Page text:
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Interesting in an eminent degree is the condition, past and present, of the Jews in Rome. According to Dr. Manning, the Ghetto is the Seven Dials of the city—a quarter indescribable on account of its squalid filthiness, and crowded with about four thousand five hundred inhabitants, though the area should only suffice for a quarter of its present occupants. The number of captive Jews brought into the city by Titus is supposed to have exceeded a hundred thousand, and the treatment of the unfortunate race during eighteen centuries—from the day of their national ruin to the inauguration of a reign of liberty six years ago—has been harsh in the extreme. Still they have survived the cruelty of the bondage which has been imposed ; and while taking in notions of the nature of the Gospel from the persecuting fanaticism of Popery, this densely-crowded Ghetto is a place of contrast such as perhaps no other rookery could parallel. Miss Barlee says :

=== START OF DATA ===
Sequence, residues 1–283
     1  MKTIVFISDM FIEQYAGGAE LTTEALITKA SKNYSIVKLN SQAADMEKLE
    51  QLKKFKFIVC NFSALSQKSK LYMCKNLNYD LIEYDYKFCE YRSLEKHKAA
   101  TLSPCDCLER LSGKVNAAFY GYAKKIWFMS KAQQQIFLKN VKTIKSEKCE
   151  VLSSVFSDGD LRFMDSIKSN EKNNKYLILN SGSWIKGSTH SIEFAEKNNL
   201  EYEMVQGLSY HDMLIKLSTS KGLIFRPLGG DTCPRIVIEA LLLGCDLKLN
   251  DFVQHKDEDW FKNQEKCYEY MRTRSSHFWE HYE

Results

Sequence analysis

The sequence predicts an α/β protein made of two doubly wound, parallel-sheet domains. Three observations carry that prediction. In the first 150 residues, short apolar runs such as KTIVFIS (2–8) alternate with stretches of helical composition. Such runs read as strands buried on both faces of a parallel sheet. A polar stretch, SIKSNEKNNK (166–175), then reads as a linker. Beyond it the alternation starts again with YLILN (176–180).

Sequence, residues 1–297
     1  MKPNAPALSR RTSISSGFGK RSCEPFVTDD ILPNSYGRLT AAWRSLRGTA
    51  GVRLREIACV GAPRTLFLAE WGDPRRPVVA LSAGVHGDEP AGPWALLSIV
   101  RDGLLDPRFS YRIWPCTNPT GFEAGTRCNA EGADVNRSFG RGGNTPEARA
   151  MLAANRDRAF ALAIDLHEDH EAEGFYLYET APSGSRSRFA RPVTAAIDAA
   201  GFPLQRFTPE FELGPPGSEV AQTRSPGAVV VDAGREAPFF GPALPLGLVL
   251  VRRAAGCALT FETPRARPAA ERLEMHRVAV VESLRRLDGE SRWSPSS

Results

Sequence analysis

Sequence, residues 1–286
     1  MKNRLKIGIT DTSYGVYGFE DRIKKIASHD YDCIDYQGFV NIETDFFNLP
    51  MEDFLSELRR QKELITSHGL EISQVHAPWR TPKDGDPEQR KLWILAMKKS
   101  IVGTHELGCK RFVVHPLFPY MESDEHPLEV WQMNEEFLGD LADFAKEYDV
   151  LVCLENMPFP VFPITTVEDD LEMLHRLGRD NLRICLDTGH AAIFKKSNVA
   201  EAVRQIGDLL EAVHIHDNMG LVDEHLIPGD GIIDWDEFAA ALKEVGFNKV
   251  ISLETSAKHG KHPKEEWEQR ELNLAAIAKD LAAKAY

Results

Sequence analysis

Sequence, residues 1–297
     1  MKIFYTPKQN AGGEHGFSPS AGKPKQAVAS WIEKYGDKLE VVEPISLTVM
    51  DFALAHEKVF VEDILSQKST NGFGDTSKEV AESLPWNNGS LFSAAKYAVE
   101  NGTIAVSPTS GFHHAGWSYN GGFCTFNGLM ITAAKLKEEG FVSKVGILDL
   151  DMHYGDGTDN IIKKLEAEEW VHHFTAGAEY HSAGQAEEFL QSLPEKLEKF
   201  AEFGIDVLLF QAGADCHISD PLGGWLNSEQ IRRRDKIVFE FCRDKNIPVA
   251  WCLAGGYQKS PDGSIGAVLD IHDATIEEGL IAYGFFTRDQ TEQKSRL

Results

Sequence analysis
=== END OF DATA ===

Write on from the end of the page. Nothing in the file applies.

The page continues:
The Jews' fair, which is held weekly in the Ghetto, is a most curious scene to witness, and well worth a visit from the traveller to Rome, if it be only for the chance he may have of securing valuable antiquities in the shape of old coins, china, glass, &c. Curious old books may be had for the veriest trifle, and many a precious volume is often secured by savants, who know its value, for a few francs. What was apparent everywhere was rags, and such rags in many cases as one turned one's head away from in disgust. These, nevertheless, were arranged in full view through the narrow doorway of the shops, around which they were likewise suspended, whilst women and children sat on low stools sorting, separating, and mending them.”

Such was the aspect of the Roman rag fair when viewed superficially-in the background there are stores of goods of fabulous value. One day during the winter of last year an inquisitive lady determined on exploring the Jewish quarter on her own account, and what she saw and heard well repaid for the trouble and inconvenience incurred :